Proctor: I never knew until tonight that the word is gone daft with this nonsense. Hale: I have myself examined Tituba, Sarah Good, and numerous others that have confessed to dealing with the Devil. They have confessed it. Proctor: And why not, if they must hang for denyin’ it?
There are them that will swear to anything before they’ll hang; have you thought of that? (Miller 68-69).
An example that shows how the chaos and hysteria affect the village and its people are when Reverend Hale is arguing with Judge Danforth. This is shown in:
Excellency, there are orphans wandering from house to house; abandoned cattle bellow on the highroads, the stink of rotting crops hangs everywhere, and no man knows when the harlot’s cry will end his life–and you wonder yet if rebellion’s spoke? Better you should marvel how they do not burn your province! (Miller 130).
Miller uses Judge Danforth, Abigail Williams, and John Proctor to display his criticism on malicious and sinful acts against mankind. Judge Danforth turns into a monster throughout the course of the trials. An example of this is:
There will be no postponement . . .. Now hear me and beguile yourselves no more. I will not receive a single plea for pardon or postponement . . . . Postponement now speaks a floundering on my part; reprieve or pardon must cast doubt upon the guilt of them that died till now . . .. If retaliation is your fear, know this–I should hang ten thousand that dared to rise against the law, and an ocean of salt tears could not melt the resolution of the statutes. (Miller 129).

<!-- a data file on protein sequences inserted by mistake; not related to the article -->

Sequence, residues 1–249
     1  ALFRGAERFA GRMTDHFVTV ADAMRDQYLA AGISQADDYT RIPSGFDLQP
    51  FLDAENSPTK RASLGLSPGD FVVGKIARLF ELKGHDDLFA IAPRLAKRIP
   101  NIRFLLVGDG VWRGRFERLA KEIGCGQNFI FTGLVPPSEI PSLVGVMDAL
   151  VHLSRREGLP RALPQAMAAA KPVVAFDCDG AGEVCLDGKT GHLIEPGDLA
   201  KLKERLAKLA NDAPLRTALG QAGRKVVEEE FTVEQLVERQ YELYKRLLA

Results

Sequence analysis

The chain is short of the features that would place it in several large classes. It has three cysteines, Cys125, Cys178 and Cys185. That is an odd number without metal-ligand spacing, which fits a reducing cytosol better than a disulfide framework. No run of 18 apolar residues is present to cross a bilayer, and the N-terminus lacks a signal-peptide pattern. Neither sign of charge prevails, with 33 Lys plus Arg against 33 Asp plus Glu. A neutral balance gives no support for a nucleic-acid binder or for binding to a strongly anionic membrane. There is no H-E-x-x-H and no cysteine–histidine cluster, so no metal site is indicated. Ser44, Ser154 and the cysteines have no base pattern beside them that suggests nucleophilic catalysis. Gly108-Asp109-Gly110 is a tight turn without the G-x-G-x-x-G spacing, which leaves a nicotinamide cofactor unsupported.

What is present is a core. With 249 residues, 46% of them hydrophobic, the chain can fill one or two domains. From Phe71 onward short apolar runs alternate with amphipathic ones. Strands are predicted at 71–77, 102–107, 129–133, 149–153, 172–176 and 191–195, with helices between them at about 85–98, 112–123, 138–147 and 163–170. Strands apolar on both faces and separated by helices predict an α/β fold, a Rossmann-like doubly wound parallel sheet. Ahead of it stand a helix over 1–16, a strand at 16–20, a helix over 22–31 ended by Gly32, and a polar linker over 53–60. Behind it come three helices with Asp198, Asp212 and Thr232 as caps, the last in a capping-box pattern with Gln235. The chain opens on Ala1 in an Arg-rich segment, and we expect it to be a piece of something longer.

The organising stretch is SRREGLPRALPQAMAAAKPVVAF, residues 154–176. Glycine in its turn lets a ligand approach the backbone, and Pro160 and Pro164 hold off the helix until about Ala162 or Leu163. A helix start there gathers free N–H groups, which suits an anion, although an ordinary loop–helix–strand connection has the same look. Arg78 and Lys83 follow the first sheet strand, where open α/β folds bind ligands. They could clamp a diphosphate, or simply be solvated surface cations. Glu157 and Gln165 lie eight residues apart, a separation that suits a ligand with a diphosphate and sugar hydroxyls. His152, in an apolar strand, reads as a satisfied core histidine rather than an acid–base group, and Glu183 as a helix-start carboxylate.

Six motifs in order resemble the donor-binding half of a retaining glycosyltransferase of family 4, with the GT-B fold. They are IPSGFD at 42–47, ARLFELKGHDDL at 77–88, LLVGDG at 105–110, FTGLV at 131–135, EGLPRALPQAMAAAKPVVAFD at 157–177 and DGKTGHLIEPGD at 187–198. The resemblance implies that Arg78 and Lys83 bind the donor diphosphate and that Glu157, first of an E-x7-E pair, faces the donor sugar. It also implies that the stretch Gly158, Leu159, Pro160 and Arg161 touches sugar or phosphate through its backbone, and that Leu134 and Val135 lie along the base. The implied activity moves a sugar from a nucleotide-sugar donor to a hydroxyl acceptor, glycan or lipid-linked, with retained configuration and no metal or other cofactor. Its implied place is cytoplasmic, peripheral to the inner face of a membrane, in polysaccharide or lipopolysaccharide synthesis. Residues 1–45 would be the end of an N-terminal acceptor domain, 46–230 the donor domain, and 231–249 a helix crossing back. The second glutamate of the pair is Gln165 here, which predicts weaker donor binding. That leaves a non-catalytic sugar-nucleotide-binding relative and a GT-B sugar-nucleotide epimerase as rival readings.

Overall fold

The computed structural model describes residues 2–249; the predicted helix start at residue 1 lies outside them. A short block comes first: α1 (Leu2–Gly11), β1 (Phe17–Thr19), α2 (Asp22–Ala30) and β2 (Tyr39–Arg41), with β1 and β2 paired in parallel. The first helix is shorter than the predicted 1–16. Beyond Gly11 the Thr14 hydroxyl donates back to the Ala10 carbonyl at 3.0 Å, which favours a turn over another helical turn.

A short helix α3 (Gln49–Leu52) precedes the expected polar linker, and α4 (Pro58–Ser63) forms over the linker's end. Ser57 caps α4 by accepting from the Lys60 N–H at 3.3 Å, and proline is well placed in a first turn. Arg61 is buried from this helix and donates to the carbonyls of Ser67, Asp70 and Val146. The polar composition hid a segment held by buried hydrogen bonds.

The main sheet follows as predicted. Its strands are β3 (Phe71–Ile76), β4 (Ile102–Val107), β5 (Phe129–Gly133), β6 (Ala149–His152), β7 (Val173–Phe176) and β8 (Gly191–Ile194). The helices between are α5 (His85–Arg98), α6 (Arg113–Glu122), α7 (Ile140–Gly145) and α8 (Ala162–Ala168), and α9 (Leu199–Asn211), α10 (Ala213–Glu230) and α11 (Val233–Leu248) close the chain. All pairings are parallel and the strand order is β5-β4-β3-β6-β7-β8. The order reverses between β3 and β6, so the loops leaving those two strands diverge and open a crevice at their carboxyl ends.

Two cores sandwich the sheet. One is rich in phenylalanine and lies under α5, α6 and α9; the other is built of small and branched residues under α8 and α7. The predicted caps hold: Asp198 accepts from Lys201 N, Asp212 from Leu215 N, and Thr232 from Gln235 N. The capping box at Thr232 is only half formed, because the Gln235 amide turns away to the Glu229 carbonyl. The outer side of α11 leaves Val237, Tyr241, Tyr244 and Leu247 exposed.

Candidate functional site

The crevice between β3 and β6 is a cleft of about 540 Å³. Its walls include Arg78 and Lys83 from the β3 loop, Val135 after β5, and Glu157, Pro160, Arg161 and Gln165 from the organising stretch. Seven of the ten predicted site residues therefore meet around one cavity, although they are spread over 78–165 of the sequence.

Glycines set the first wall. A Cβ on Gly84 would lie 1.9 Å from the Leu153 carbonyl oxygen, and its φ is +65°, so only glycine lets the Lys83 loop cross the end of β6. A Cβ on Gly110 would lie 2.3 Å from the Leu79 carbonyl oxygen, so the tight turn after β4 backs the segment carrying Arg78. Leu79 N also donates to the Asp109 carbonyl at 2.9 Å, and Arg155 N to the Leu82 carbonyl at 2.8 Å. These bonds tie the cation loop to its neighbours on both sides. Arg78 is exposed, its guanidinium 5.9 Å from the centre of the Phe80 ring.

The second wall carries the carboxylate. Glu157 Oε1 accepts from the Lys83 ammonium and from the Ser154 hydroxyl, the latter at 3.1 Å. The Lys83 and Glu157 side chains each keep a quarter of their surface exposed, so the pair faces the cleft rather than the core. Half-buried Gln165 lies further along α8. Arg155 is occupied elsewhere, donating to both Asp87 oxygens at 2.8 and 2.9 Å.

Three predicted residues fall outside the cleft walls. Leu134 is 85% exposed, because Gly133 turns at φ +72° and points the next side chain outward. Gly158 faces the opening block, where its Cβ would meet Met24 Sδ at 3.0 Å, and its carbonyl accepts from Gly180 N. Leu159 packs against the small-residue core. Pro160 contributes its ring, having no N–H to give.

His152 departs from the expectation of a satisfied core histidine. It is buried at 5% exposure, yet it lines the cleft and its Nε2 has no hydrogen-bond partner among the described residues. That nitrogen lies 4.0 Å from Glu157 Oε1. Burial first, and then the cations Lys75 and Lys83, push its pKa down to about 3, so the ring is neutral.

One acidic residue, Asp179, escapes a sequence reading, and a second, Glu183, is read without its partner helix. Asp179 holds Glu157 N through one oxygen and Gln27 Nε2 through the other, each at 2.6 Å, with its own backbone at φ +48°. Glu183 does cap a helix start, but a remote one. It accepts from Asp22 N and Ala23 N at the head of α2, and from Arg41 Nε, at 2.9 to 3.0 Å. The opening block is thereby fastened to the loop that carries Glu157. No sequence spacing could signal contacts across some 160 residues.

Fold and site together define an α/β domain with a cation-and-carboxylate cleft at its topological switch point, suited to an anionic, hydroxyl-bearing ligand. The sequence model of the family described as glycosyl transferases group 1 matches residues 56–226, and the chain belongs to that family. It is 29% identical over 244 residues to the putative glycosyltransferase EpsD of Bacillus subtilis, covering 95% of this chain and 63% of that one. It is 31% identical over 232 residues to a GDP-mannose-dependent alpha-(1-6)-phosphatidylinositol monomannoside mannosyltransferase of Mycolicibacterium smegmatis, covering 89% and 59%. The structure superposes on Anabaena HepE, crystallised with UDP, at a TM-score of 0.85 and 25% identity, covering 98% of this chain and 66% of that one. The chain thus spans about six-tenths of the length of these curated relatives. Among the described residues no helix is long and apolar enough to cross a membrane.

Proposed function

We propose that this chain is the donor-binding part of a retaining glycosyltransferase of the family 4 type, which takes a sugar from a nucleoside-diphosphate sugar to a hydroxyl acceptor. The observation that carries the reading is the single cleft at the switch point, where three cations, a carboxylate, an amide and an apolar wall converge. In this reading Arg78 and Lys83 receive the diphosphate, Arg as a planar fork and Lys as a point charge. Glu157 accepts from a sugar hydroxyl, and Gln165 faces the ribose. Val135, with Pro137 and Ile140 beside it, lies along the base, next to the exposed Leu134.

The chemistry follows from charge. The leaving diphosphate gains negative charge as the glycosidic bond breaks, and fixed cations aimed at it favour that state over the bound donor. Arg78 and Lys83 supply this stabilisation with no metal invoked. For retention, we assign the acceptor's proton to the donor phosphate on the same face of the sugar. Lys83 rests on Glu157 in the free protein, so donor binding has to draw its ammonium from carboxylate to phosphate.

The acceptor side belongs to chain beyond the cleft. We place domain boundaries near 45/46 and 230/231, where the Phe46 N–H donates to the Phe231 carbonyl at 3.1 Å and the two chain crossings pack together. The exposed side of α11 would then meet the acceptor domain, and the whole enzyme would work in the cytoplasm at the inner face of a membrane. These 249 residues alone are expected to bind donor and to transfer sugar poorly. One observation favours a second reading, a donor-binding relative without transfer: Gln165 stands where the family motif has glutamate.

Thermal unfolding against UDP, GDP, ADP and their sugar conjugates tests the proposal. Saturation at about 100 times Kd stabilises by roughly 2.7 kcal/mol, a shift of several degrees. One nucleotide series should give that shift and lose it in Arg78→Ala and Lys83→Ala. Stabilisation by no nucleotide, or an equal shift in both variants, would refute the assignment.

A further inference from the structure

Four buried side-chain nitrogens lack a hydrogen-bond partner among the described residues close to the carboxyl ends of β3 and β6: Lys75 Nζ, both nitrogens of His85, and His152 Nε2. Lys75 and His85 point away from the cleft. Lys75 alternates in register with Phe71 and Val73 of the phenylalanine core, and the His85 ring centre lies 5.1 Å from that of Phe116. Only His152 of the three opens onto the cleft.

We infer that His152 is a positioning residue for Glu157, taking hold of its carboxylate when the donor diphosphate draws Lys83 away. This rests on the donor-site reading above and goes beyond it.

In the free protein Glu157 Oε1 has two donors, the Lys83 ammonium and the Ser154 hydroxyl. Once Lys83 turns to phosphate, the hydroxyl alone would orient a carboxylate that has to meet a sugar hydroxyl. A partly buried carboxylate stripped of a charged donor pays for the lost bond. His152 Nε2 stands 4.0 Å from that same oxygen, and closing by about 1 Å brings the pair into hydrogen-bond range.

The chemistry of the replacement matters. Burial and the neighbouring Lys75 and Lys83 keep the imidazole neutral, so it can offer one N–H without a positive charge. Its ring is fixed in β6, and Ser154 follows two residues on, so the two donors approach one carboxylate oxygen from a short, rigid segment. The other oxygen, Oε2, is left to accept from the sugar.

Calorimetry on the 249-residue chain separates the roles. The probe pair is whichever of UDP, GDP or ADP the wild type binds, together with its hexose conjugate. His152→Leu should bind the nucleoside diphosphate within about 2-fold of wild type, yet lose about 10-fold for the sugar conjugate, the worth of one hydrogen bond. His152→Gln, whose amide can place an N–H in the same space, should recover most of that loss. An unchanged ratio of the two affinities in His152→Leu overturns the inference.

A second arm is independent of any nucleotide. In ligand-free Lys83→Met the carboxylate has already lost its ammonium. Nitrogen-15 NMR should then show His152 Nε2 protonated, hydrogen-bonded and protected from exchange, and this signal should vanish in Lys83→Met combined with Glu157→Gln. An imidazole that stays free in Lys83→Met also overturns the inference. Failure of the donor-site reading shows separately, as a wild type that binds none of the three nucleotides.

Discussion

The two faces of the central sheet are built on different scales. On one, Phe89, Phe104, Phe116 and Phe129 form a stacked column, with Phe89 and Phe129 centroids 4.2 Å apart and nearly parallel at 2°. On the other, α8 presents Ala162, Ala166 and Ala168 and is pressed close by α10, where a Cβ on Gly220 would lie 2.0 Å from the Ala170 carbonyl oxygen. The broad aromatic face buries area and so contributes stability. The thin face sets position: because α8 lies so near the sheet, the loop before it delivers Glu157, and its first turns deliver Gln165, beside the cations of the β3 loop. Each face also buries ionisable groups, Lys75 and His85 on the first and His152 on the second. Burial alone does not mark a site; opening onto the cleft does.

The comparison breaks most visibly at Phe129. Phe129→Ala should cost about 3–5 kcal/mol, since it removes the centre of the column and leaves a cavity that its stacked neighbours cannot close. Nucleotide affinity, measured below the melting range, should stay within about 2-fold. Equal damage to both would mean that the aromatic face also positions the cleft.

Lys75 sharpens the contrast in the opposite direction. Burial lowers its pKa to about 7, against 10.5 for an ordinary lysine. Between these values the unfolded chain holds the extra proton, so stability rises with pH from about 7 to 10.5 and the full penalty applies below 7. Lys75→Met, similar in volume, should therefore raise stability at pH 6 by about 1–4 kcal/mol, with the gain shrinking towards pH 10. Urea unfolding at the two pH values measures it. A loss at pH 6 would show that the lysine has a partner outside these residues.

Abigail attempts to destroy the Proctor marriage so that she may have John Proctor for herself. First she uses her sexuality on John, which fails. She makes a second attempt to have John all to herself by using witchcraft. You drank blood, Abby . . .. You drank a charm to kill John Proctor’s wife! You drank a charm to kill Goody Proctor! (Miller 19). John Proctor is an adulterer; during the course of his marriage he has sex with Abigail
Williams. An example of this is reflected in this quotation:
Abigail: I know how you clutched my back behind your house like a stallion whenever I came near . . . . I saw your face when she put me out, and you loved me then and you do now!. Proctor: Abby, I may think softly of you from time to time. But I will cut off my hand before I’ll ever reach for you again. Wipe it out of mind. We never touched, Abby.
During this Puritanical period of time, adultery was considered an illegal act under the Theocracy of Salem.
In literature authors often criticize society or mankind. Authors hope to change society s thinking by writing literary works in hope that people will share their ideas. Society s attitudes are constantly changing due to events around them and technology. Some individuals find that the thinking during that particular period of history was strict and backward. The religion and village rules were strict. They also believed that witchcraft was involved in the behavior of the village and its people. Arthur Miller criticizes that attitude hoping to awaken society s thinking on such issues. Unfortunately, history does repeat itself and society seems not to learn from its mistakes. One recent example of chaos and hysteria is the Rodney King beating and the subsequent riots in Los Angeles.